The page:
You've probably heard that eating less and moving more is all it takes to lose weight. Therefore, you may be surprised to hear that following that method can actually have the opposite effect on your weight and can lead to a slow metabolism.
What you eat plays a large role in how you look and feel, but achieving a healthy body weight is about much more than food and exercise. This article will help explain exactly what your metabolism is, the factors that influence it, and what you can do to promote a healthy metabolism and a healthy weight.
The term metabolism refers to all the processes that go on inside your body to keep you alive and your organs functioning normally. In addition to things like repairing cells, it is in charge of converting the calories you consume from food and beverages into energy. A healthy metabolism is required to use this energy efficiently and plays a role in your ability to lose, maintain and gain weight.
Factors such as age, body size, gender, genetics, and the amount of muscle mass can all influence the speed of your metabolism. Yet many other things can influence your metabolism as well.
Lesser-known factors that contribute to a slower metabolism include:
Significant calorie restriction and "yo-yo dieting." Fad diets that promise quick results can be tempting to follow. However, years of going on and off diets, and thus losing weight in an unsustainable way, negatively affects your metabolism and can have the opposite effect than you desired. Drastically reducing calories can cause your body to think you are starving. As a protective mechanism, your metabolism will slow down, making it harder to keep losing weight even on fewer calories.
Metabolic and toxic imbalances. persistent levels of high stress and an accumulation of toxin exposure can alter your hormones, increase levels of inflammation in your body and interfere with your body's ability to burn calories efficiently. These imbalances are often the hidden root cause of many health ailments, including an undesirable metabolism.
If you suspect you have a slow metabolism, you can run a simple at-home lab test to help identify any possible imbalances. Then working alongside a qualified practitioner you can implement the appropriate diet and lifestyle strategy you need.
It's common to think that weight gain or difficulty losing weight are the only signs of slow metabolism, but there are other common signs and symptoms that may be involved as well, such as:
Low energy and extreme tiredness
Irregular bowel movements
Supporting a healthy metabolism requires a whole-body approach. Here are some things to focus on:
Focus on your diet. Unhealthy levels of inflammation are often an underlying root cause of slow metabolism and weight gain or the ability to lose weight and keep it off. That's why it is important to prioritize the majority of your diet from anti-inflammatory whole foods. Examples include olive oil, tomatoes, nuts and seeds, leafy greens, oily fish and berries. In addition, taking supportive daily nutritional supplements, can help replenish your nutrient reserves, support natural detoxification, and rebalance your body at the deepest level.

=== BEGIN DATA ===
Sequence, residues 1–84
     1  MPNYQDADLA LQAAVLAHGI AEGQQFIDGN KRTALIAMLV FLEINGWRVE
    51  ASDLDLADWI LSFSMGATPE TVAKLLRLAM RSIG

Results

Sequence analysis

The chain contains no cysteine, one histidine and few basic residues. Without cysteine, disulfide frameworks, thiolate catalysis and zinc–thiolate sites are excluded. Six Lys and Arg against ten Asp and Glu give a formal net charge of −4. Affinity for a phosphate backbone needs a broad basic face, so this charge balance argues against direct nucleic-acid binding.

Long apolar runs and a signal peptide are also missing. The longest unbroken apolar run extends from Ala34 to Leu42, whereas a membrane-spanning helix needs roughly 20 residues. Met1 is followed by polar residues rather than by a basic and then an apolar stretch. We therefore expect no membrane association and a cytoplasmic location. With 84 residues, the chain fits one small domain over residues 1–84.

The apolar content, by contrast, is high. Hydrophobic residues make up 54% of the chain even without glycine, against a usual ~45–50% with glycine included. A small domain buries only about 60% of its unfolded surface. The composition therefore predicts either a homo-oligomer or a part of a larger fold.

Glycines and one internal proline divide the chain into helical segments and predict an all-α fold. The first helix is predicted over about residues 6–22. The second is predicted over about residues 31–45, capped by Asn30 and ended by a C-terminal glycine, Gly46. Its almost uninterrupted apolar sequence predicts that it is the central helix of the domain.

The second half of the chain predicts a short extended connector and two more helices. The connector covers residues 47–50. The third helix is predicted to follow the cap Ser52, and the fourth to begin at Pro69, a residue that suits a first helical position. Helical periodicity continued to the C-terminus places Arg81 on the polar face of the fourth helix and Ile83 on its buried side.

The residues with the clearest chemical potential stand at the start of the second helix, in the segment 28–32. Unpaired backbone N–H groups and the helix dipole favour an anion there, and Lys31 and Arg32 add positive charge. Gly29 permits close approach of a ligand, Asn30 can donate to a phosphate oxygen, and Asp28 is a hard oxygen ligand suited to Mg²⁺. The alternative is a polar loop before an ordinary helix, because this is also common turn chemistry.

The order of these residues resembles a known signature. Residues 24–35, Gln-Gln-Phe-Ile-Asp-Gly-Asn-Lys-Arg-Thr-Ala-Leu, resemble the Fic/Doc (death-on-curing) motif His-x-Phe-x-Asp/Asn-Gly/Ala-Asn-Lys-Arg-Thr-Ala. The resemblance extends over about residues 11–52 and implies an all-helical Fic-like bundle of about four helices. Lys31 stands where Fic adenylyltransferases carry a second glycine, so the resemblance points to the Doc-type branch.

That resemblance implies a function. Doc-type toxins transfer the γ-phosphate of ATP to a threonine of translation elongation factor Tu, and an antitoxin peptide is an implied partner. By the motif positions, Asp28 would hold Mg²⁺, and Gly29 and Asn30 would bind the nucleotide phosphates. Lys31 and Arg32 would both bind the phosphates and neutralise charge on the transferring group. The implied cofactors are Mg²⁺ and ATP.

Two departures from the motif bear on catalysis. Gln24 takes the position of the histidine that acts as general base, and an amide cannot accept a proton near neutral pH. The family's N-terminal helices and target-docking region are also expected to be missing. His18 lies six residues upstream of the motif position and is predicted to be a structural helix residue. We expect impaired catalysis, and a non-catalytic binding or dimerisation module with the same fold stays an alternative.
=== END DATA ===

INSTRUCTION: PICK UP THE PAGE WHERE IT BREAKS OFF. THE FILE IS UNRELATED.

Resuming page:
Balance your blood sugar. Having high levels of blood sugar from eating too many processed carbohydrates and sugar can lead to persistently high levels of insulin in your body. Since insulin promotes the storage of fat, this can lead to weight gain if elevated levels of blood sugar aren't cleared efficiently.. You can help balance your blood sugar by including enough protein and healthy fats in each meal and snack, eating three balanced meals works best for most throughout the day, choosing whole-food carbohydrates high in fiber, reducing your intake of processed sugar and being physically active.
Balance your hormones. Your hormones are a key player in nearly every process in your body. Balancing your hormones can help support a healthy metabolism overall. The best way to uncover any possible hormone imbalances that might be impacting your ability to lose weight is through testing your individual levels. A qualified healthcare practitioner can then help interpret your results and guide you through a strategy right for you.
Consider reverse dieting. This is the concept of gradually eating more, not lessover a period of time to increase your body's ability to burn calories. Contrary to common belief, this can actually help speed up your metabolism and lead to weight loss if your metabolism has slowed down due to prolonged calorie restriction, long-term low carb diets, or other factors. The key is to eat the right amount of food and type of food to support your body's energy requirements in the context of an overall healthy lifestyle to restore hormone balance and support a healthy metabolism.
Be active, but don't overdo it. There are so many benefits to exercise, and we all should strive to move our bodies every day. However, this doesn't mean putting in long hours at the gym or participating in overly strenuous forms of exercise. Too much exercise, or workouts that are too intense, can be a source of stress on your body, especially if you are already in an imbalanced state. It's best to choose a variety of workouts you enjoy so you are more likely to stick to them. Remember that little movements add up, so simply being more intentional to move your body more often can make a big difference in your metabolism and overall physical health.
There may be more behind a perceived slow metabolism than you realize. Focusing on your diet, hormones, exposure to toxins, and level of activity are all effective ways to help rebalance your body and improve your metabolism.